Unease, anxiety, tension, stress, worry—all forms of fear—are caused by too much future and not enough presence. —Eckart Tolle

It’s no secret that I’ve been suffering. October has been rough. In addition to losing two pets, I’ve endured two painful injuries (shoulder & back) and I’ve been having a hell of a time focusing, creating, and just keeping my head above water.

I’ve been so consumed by grief that I’ve lost sight of the most important element of my happiness: presence. I’m working to get myself back on track. Here is how I am doing it and how you can do it, too.

Sometimes it’s important to look ahead. For example, when you are plotting out long-term financial goals. However, as necessary as it may be to think “big picture” sometimes, it’s even more important that you don’t do it all the time.

Likewise, thinking backward in time can be just as harmful. Looking ahead and looking behind remove you from the present moment. Living in the past causes depression; living in the future causes anxiety. When we live in the past we experience regret (“shoulda, coulda, woulda…”). When we live in the future we experience worry (“what if…?). The cure for this suffering is to live in the present moment.

If you are like most people you, have a difficult time “turning off” your thoughts. Compulsive over thinking is a disease many people suffer from. Constant thoughts rush through our minds. We live in a society that bombards us with information from every angle. We multitask and run ourselves ragged. Add a few minor (or major) tragedies to the mix and it’s a recipe for disaster.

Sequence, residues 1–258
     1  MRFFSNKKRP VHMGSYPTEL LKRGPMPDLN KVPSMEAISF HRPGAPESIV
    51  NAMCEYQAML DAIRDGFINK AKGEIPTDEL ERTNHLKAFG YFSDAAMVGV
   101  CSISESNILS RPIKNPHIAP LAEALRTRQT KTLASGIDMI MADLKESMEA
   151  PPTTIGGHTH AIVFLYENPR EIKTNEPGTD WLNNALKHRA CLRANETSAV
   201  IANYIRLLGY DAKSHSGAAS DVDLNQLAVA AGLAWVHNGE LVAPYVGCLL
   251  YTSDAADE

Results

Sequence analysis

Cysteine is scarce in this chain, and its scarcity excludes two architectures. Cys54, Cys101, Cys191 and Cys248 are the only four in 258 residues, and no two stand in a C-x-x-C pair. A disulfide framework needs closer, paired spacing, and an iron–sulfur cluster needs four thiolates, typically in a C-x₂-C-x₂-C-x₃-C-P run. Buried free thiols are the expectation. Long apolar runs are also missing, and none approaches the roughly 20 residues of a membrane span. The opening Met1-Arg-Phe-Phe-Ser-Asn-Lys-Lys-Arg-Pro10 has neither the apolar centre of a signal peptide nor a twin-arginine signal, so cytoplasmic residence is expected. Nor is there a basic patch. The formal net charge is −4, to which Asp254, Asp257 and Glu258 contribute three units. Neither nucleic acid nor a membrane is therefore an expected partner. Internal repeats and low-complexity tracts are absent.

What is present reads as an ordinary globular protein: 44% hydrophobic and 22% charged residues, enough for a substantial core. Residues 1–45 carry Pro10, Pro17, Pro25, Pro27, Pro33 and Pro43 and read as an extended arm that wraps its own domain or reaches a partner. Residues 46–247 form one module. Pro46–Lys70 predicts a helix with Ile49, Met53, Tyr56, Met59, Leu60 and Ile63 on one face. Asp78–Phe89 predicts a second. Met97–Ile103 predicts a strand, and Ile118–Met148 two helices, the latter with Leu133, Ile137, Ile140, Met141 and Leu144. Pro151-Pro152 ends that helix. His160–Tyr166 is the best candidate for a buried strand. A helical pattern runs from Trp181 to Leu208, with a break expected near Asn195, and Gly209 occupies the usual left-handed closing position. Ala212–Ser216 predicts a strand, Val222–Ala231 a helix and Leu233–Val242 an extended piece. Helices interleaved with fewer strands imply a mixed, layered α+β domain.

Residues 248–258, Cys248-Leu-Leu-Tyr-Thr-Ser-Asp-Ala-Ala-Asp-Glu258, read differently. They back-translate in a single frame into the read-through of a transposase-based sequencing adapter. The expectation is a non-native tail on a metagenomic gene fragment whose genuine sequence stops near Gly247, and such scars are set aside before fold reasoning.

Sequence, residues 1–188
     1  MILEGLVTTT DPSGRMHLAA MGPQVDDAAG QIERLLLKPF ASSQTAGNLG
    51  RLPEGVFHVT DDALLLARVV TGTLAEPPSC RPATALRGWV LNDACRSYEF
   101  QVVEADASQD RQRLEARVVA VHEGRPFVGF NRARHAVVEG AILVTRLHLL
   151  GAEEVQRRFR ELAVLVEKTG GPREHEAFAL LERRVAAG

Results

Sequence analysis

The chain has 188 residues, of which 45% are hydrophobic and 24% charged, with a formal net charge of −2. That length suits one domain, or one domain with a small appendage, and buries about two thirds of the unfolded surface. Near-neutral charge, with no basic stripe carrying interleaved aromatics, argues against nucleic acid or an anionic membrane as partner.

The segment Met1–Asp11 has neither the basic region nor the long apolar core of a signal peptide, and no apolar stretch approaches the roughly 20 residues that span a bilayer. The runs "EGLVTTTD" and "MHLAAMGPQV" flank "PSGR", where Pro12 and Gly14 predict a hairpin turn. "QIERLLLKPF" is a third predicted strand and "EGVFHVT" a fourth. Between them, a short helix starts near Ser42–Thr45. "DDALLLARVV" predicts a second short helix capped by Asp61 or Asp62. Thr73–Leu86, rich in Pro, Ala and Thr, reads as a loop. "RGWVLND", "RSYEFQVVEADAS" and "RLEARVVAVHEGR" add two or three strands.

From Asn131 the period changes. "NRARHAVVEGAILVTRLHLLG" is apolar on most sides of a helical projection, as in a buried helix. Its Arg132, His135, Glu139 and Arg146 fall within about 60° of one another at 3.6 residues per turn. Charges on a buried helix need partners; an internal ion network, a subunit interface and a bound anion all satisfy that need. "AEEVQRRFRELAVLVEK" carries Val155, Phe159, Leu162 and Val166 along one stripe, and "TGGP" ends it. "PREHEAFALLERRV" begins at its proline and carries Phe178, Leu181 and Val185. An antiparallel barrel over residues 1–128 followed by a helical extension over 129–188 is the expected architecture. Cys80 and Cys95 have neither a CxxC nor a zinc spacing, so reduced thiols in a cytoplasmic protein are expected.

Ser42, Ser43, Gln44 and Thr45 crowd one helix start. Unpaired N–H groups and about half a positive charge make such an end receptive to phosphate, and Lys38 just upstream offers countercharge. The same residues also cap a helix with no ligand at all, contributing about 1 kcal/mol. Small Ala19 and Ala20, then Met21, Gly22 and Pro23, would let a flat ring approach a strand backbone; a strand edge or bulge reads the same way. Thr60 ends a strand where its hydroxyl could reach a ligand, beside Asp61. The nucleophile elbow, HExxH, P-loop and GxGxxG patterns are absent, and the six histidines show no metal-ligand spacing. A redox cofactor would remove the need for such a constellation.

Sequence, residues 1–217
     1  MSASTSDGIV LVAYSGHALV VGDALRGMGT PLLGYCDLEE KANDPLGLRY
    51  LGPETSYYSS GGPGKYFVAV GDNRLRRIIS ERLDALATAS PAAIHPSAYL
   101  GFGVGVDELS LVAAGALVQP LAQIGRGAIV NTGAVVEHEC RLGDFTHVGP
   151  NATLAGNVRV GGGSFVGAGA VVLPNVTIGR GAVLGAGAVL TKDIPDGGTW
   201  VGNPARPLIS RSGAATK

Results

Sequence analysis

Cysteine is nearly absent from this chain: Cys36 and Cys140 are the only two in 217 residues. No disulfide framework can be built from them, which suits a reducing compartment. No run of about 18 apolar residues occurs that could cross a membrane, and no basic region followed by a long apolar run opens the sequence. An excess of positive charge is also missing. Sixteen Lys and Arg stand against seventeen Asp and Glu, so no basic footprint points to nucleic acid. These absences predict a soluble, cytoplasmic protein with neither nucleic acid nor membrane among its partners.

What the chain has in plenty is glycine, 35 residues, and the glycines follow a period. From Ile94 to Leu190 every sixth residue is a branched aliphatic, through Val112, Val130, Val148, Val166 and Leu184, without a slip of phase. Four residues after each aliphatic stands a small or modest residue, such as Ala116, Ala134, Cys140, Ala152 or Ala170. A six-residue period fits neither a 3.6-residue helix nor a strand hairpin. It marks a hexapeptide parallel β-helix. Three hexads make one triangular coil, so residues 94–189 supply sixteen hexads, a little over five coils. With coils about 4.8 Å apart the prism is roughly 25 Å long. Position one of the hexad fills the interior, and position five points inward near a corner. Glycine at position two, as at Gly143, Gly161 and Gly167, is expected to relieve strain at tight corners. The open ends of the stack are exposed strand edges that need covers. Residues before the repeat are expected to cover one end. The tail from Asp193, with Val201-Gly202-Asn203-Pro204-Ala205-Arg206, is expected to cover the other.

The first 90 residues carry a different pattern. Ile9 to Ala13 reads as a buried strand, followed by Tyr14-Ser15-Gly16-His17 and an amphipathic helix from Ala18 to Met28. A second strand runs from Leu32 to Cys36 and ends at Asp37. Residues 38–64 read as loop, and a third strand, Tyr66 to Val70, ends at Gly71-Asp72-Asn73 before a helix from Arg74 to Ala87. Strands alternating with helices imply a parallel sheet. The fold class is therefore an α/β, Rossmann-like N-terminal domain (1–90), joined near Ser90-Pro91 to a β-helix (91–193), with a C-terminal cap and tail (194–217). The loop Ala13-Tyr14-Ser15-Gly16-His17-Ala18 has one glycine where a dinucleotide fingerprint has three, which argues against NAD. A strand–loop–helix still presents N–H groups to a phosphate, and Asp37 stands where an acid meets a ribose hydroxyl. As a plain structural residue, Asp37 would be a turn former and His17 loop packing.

So how do we combat this disease? How do we put an end to our personal suffering? There are 4 keys to set us on the path toward living in the present and overcoming emotional suffering:

  1. Goal setting
  2. Reflection
  3. Meditation
  4. Positive thinking (CBT)

1. Goal setting.

Big picture/long-term thinking is an easy path to anxiety and compulsive over thinking. This type of thinking should not happen sporadically. It’s not healthy or helpful to think this way throughout your day. When you are at work, you should be focusing on work. When you are at the gym, you should be focusing on your workout. When you are having dinner, you should be focusing on eating. When you are talking with a friend, you should be focusing on your conversation. You should not be thinking about: how much weight you need to lose; how much money you need to save; how much work you have to do to switch careers; how long it will take to pay down your debts; and so on.

If you are thinking about these things randomly or obsessively throughout the day, you are causing yourself major harm. You are living on autopilot when you should be living consciously. The way to beat this problem is to practice mindful goal setting.

Set specific time aside to work on setting goals. Clear everything else from your space (physically and mentally). Allow yourself to focus exclusively on the task at hand: goal setting and do not allow yourself to be distracted. You will be amazed by how much more clear your goals become when you give them the attention that they deserve.

2. Reflection.

Living in the past is useless. Of course it’s important to learn from the past, to grow, to become a better person for it, and so on. But if living in the past is causing you stress, worry, and anxiety—which in most cases it is—then you’re doing it wrong.